Such difficulties create a gap in our understanding of the whitetail’s diet. However, as Virginia researchers Richard F. Harlow and Robert G. Hooper wrote: “These items are so important that their consideration in future range surveys is essential. We recommend that future range surveys include foods which are most important to the deer, not just the easiest to measure.”
Studying Deer Stomach Samples
To address this concern, Harlow and Hooper took stomach samples from the rumens of 956 Southeastern whitetails in the Piedmont, Southern Appalachians and Coastal Plains regions. Although this method can reveal exactly what and how much deer eat, it’s still not perfect. For example, the most easily digested materials are sometimes difficult to identify because the deer’s digestive system breaks them down so quickly.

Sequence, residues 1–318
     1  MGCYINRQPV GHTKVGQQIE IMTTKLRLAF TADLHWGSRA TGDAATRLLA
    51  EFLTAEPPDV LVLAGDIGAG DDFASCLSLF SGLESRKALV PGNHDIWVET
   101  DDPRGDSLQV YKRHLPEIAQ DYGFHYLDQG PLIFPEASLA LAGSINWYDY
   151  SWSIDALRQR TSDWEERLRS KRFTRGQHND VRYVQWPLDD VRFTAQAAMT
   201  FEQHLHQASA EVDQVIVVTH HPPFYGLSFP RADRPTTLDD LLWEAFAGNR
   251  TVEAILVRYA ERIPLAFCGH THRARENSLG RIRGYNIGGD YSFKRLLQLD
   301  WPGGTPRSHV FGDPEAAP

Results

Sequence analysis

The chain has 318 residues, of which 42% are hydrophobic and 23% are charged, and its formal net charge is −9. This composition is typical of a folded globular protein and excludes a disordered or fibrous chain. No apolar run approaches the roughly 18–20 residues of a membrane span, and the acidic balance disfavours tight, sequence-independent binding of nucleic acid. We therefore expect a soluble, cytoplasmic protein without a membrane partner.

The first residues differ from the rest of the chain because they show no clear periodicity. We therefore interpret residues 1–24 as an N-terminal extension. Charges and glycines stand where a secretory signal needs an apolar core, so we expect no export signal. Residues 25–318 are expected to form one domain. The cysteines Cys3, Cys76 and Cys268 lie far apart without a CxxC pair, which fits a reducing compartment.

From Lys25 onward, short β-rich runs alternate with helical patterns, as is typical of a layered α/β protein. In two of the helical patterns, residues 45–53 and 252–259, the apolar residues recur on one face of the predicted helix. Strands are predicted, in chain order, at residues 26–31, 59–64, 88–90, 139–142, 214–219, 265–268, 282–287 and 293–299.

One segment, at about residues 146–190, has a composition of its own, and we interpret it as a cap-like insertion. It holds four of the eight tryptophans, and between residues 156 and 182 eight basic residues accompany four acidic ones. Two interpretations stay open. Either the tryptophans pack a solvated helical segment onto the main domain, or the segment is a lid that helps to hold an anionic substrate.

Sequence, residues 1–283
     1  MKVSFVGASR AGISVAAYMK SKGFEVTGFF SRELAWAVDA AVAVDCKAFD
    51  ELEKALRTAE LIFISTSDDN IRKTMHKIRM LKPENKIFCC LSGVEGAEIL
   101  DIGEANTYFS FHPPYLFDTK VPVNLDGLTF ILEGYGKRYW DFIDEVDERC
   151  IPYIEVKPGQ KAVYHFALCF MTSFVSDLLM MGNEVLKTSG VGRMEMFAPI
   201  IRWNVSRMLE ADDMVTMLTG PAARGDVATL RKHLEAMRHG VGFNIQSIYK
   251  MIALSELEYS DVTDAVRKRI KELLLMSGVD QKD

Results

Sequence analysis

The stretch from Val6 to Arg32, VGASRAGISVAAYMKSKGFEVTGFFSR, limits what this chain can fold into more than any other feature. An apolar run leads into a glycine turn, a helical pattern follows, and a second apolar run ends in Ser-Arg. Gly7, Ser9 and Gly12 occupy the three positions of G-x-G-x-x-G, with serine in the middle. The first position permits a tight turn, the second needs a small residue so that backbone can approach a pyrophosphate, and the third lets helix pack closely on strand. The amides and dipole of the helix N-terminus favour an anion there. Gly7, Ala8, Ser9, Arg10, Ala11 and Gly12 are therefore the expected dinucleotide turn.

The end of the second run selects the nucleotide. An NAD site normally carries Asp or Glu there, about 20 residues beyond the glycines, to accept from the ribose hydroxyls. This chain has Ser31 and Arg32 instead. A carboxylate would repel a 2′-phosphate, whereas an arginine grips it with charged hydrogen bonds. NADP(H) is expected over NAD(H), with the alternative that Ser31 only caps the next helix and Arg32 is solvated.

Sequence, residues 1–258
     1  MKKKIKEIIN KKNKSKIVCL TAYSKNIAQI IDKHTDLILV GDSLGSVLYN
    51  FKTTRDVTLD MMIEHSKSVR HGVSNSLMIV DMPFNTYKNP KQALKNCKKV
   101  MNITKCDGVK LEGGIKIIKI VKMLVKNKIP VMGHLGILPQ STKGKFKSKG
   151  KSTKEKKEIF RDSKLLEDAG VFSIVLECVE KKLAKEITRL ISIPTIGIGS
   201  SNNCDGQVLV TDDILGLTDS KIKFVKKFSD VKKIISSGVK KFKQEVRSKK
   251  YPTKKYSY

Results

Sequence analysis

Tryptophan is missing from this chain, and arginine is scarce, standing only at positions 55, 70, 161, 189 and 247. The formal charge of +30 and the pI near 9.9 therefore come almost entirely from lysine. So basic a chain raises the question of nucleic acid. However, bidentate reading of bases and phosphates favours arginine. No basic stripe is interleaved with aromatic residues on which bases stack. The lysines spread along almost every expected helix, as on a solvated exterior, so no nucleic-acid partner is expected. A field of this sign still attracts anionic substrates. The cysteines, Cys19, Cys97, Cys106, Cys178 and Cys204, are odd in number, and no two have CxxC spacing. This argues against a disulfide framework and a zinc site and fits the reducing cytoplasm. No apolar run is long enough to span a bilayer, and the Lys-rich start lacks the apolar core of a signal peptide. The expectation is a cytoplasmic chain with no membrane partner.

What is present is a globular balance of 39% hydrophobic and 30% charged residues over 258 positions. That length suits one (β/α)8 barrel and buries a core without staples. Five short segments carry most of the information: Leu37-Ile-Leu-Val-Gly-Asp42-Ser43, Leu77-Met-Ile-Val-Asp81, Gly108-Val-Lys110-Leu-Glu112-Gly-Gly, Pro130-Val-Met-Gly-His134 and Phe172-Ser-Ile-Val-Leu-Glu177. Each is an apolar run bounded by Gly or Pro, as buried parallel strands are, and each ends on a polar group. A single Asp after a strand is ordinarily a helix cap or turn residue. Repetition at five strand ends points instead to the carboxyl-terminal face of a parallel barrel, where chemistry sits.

Still, examining rumens is more reliable than range surveys. After all, when deer grab leaves about to drop in autumn, they pull off easily, often at the stem’s base, leaving behind no tell-tale rips and tears. And who can tell when deer vacuum leaves off the forest floor, or chew a delectable plant to its nub?
Harlow and Hooper found the green leaves of woody plants ranked No. 1 in frequency and volume in the deer’s rumens, and ranked No. 2 on the deer’s menu in early fall. The only food item whitetails preferred over green leaves were mast crops, particularly acorns. Third on the deer’s preference list were mushrooms, and fourth were dry leaves.
Deer in these regions seemed to favor the green leaves of oak, rhododendron, honeysuckle and blackberry. Unfortunately, they might like other green leaves even more. The largest percentage of greens in their rumens could not be identified.
A few years before Harlow and Hooper reported their results, researchers in Pennsylvania tried a different way to assess what deer eat. C. Robert Watts, a graduate student with the Pennsylvania Cooperative Wildlife Research Unit, took three captive fawns— a male, female and a castrated male — and trained them to accept a collar and a long harness. The handlers then followed them around as they fed in a 50-acre parcel on state game land that featured a mixed oak forest of small saw-timber size.